What’s Old Is A New Release Again (2019) with… The Kid Brother (1927)

Next up, we have the recent release of the classic 1927 Harold Lloyd silent comedy The Kid Brother!

In the town of Hickoryville lives Sheriff Jim Hickory (Walter James) and his three sons. His sons Leo (Leo Willis) and Olin (Olin Francis) are both big and strong like him. However, his third son, Harold (Harold Lloyd), is the runt of the family. But what Harold lacks in size and brute strength, he makes up for in intelligence, as he finds ways to get his chores done more efficiently. Still, he wishes to be regarded as a man by his father. While his father and brothers are at a town meeting about money they were collecting to build a dam for the town, a traveling medicine show comes to the house. Since he had been messing around with his father’s gun and was wearing his father’s badge, they mistook him for the sheriff and had him sign a permit for them to set up in town. Later, Harold’s father found out and sent him to stop the show. Instead, the two men made fun of him, hanging him up on a bar. The town bully, Hank Hooper (Ralph Yearsley), tries to get in on the act, but in the process sets the wagon on fire. Afterwards, Harold offers Mary Powers (Jobyna Ralston), who was working with the show, a place to sleep at his home (although she ended up going to a neighbor’s home instead, since she would have otherwise been the only woman in the house). The next day was to be a town celebration, but things turned sour quickly when the money that had been collected for the dam and placed in the sheriff’s hands was discovered stolen. Hank’s father, Sam Hooper (Frank Lanning), accuses the sheriff of stealing the money. Unable to do anything himself, the sheriff sends Leo and Olin to find the men from the medicine show, but won’t let Harold. When his brothers fail to find the men, it is up to Harold to help save his father, but can he do it?

The Kid Brother is considered to be one of Harold Lloyd’s best movies. It was his second-to-last silent film, as the sound era would soon start to creep in with the success of The Jazz Singer later on in 1927. Harold Lloyd put a lot of work into this movie, nearly eight months (more than usual), and it shows. From the location shooting, to the use of an elevator filming Harold as he climbs a tree to keep talking with Jobyna’s Mary, to the various gags all working with the story, to the final fight between Harold and the brutish Sandoni (played by Constantine Romanoff), everything just works and shows the effort put into the movie. Me personally, I enjoy many of the gags, but particularly watching Harold dealing with his brothers (and attempting to show how “brave” he could be in front of Mary) are some of the most memorable laugh-out-loud moments for me. I personally wouldn’t call it his absolute best movie, but I would agree that it ranks up there (admittedly, at this point, I’ve only seen about five of his films, but still)! Easily a movie I would recommend!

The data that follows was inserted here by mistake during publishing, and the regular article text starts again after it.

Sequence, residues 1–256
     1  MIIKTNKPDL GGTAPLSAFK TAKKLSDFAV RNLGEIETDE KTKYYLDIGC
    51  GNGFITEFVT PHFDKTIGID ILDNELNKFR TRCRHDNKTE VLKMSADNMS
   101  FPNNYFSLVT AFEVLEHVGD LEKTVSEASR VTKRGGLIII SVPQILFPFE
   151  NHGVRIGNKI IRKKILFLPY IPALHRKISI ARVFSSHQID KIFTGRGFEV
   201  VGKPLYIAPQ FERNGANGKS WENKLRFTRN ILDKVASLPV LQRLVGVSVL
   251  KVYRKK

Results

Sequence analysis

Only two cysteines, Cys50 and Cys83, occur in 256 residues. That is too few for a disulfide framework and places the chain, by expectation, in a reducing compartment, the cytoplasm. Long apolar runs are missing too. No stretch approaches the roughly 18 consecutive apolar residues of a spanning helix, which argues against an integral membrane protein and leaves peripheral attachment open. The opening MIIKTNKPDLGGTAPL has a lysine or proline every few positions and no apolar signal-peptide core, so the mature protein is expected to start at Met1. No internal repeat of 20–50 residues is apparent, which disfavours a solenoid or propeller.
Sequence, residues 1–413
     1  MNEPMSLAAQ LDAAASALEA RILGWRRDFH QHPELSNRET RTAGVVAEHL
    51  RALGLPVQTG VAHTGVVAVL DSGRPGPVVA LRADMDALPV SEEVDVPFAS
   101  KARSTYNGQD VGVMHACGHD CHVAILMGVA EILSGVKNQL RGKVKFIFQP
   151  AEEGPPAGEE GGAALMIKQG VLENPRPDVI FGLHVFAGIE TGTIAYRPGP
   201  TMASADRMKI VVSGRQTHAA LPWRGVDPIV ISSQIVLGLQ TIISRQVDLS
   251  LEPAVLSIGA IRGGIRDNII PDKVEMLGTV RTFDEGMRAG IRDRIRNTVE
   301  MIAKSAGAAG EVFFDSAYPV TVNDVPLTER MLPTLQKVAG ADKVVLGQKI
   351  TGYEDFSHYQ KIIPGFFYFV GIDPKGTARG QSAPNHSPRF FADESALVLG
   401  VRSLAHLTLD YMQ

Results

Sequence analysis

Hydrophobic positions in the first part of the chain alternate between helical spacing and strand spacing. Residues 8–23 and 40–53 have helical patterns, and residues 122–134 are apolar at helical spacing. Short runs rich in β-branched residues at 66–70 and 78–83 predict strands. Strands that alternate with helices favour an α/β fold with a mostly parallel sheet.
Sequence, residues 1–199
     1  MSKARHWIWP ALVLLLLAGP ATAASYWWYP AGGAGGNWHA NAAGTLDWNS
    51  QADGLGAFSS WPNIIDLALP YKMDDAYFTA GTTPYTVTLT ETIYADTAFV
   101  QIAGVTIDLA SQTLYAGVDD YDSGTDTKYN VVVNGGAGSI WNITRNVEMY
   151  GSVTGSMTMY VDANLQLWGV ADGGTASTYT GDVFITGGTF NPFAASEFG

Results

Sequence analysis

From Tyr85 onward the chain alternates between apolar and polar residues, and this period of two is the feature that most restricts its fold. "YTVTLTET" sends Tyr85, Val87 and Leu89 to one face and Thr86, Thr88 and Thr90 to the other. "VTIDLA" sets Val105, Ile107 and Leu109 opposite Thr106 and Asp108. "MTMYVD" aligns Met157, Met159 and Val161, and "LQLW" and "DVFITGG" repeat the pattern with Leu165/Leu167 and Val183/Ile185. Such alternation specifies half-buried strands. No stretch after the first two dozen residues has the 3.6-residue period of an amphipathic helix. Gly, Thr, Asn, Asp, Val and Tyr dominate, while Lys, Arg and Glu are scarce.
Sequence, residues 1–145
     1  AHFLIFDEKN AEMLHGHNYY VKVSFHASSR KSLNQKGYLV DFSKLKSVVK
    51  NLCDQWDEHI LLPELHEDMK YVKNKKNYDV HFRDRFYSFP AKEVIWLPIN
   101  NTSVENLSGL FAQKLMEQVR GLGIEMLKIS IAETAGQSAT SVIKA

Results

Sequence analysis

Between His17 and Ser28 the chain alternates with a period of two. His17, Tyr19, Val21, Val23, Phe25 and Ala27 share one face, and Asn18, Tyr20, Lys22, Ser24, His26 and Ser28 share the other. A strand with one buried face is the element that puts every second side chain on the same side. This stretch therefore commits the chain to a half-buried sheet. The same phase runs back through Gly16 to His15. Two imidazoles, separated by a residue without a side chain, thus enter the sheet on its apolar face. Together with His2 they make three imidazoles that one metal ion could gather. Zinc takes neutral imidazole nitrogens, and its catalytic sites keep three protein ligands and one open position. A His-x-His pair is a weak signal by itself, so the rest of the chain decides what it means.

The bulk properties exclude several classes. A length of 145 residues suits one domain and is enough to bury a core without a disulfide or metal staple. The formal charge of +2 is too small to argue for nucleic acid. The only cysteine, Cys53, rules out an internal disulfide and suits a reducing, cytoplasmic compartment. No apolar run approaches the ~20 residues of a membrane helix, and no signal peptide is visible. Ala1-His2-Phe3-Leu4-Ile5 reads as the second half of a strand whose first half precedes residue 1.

This movie is available on Blu-ray and DVD from Criterion Collection. The new restoration looks fantastic for a nearly ninety-year-old movie. Sure, there are some scratches here and there, but, for what they had to work with, I have no complaints! The set also includes two of his shorts (more on those in a moment. The shorts don’t look quite as good as the movie, owing to the fact that many of his early shorts were lost in a fire, and they made use of what elements they could find. Between the movie, these shorts and a few other fun extras, this is a very enjoyable set!

Film Length: 1 hour, 23 minutes

My Rating: 10/10

Audience Rating:

*ranked #7 in Top 10 Disc Releases Of 2019

List Of Actor/Actress Filmographies/Collections

The Freshman (1925) – Harold Lloyd – Speedy (1928)

Coming Up Shorts! with… Over The Fence (1917)

(Available as an extra on the The Kid Brother (1927) Blu-ray/DVD from Criterion Collection)

(Length: 5 minutes, 4 seconds)

Ginger (Harold Lloyd) finds some baseball tickets, and offers to take his girlfriend (Bebe Daniels) to the game, but one of his co-workers steals the tickets. However, he still gets in as a pitcher for one of the teams, before a fight breaks out. Apparently, Harold Lloyd’s first short as what would become known as his “Glasses” character, after doing many “Lonesome Luke” shorts. A bit of fun here, with a few familiar faces that he would continue to work with. Not one of his best shorts, but it’s still fun to see the character we know and love at its start!

Coming Up Shorts! with… That’s Him (1918)

(Available as an extra on the The Kid Brother (1927) Blu-ray/DVD from Criterion Collection)

(Length: 11 minutes, 5 seconds)

Harold is set to inherit a lot of money that he has to go collect, but forgets the train tickets. On the way to retrieve them, he is confused for a thief. A bit of fun here, with the line “That’s him” (or “It’s him,” etc.) being used as the police chase Harold. Of course, the real thief is caught and things end happily. Fun short, although the train conductor is obviously wearing blackface (but, it’s a short part). At least, outside of that flaw, this short is good for a few laughs!

Leave a Reply

Fill in your details below or click an icon to log in:

WordPress.com Logo

You are commenting using your WordPress.com account. Log Out /  Change )

Twitter picture

You are commenting using your Twitter account. Log Out /  Change )

Facebook photo

You are commenting using your Facebook account. Log Out /  Change )

Connecting to %s

This site uses Akismet to reduce spam. Learn how your comment data is processed.